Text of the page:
International studio — 42.1910

Page: XIX
DOI issue: DOI article: DOI Page: Citation link: 
https://digi.ub.uni-heidelberg.de/diglit/international_studio42/0103
License: Free access  - all rights reserved Use / Order
0.5
1 cm
facsimile
The Important Autumn Art Books

THE IMPORTANT AUTUMN ART It is to be confessed that there is a note of larking
BOOKS . here and there and even a chapter of verse.

Mr. Keppel has done the arts of engraving ser-
It would be difficult to find any one vice on many occasions, in addresses at the universi-
better qualified to write a "Specialist's ties and museums and before such societies as the
Story About Fine Prints," as the subtitle has it, than Grolier Club, and also in articles contributed to
Mr. Frederick Keppel, whose " Golden Age of En- various magazines and in catalogues to special exhi-
graving" (The Baker & Taylor Company) is just bitions. In bringing together a number of such pa-
coming from the press. Next to farming, which the pers a certain amount of repetition is so inevitable
author avows as his first choice among careers, he that an attempt to avoid it is hardly worth while,
cared most for books, so that, when a disaster in a In this book no one will quarrel with an apt remark
Canadian haying field closed his preferred vocation for reappearing once or twice or think any the
for him, he drifted into the
bookselling business in New
York City. Distinguished
men frequently come from
the farm to the center, but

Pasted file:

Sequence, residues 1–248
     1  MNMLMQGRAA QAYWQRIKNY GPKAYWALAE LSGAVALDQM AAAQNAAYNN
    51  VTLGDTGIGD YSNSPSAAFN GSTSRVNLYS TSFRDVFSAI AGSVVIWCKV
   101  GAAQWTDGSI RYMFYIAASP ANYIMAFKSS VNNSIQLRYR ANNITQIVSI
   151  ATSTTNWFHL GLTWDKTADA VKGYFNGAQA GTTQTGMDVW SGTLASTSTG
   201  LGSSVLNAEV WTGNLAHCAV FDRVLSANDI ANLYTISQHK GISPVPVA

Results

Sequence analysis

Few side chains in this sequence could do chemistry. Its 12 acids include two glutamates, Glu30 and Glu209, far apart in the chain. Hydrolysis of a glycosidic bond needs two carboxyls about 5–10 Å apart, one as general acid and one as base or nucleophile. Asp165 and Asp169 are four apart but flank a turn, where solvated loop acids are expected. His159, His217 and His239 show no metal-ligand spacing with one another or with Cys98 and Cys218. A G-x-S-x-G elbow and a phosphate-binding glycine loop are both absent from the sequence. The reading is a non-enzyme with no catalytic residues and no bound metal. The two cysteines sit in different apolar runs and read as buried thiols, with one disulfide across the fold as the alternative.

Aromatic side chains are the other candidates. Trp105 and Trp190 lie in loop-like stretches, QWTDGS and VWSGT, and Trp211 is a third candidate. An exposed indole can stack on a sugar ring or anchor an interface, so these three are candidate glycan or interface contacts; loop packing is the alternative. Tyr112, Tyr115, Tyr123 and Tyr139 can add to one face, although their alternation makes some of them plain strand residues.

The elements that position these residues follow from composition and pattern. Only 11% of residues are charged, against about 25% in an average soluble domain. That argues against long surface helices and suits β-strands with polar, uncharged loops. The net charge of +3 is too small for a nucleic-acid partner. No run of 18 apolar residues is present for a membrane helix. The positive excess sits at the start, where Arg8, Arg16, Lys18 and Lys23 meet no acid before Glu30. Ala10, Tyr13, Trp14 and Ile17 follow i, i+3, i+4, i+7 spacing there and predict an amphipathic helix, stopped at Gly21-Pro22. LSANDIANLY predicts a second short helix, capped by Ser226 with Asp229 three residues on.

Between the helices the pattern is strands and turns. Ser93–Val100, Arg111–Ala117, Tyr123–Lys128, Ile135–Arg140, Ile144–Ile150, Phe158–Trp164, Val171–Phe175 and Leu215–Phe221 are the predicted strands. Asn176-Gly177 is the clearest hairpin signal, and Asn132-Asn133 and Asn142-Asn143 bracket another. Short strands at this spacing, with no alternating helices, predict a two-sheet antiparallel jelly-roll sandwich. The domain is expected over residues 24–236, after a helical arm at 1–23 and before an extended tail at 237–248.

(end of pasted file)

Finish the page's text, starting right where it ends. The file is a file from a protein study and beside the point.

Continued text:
it is sufficiently unusual for
them to be pitchforked into
their life work accidentally
and against their choice to
invest with a special interest
the author's "chiefly per-
sonal" introductory chapter,
in itself a thing no reader
will be inclined to skip.
The glimpses of printsellers
here and in London are of
the quaintest sort, touched
off in delightful narrative.
The picture of Mrs. Noseda,
that downright and upright,
aggressive and positive
worthy; of Mr. Benoni •
White, of Brownlow Street,
the printseller who was far
too fond of his treasures to
think of parting with them,
and actually locked the front
door of his shop to keep out
buyers; the incident of the
fourteenth volume ofBartsch,
which Mr. Keppel picked out
one wakeful night as fitted
to put him to sleep and
which, on the contrary, he
spent the night in reading
through and to such good
purpose, too, that he was.
able to recognize a Marcan-
tonio Raimondi from the top

of an Omnibus next day in a From "Golden Age oj Engraving." Copyright, 191°, by Baker &° Taylor Company

six-penny printshop window portrait of the dry point by

—such matter is beguiling. sculptor dalou alphonse legros

xix
loading ...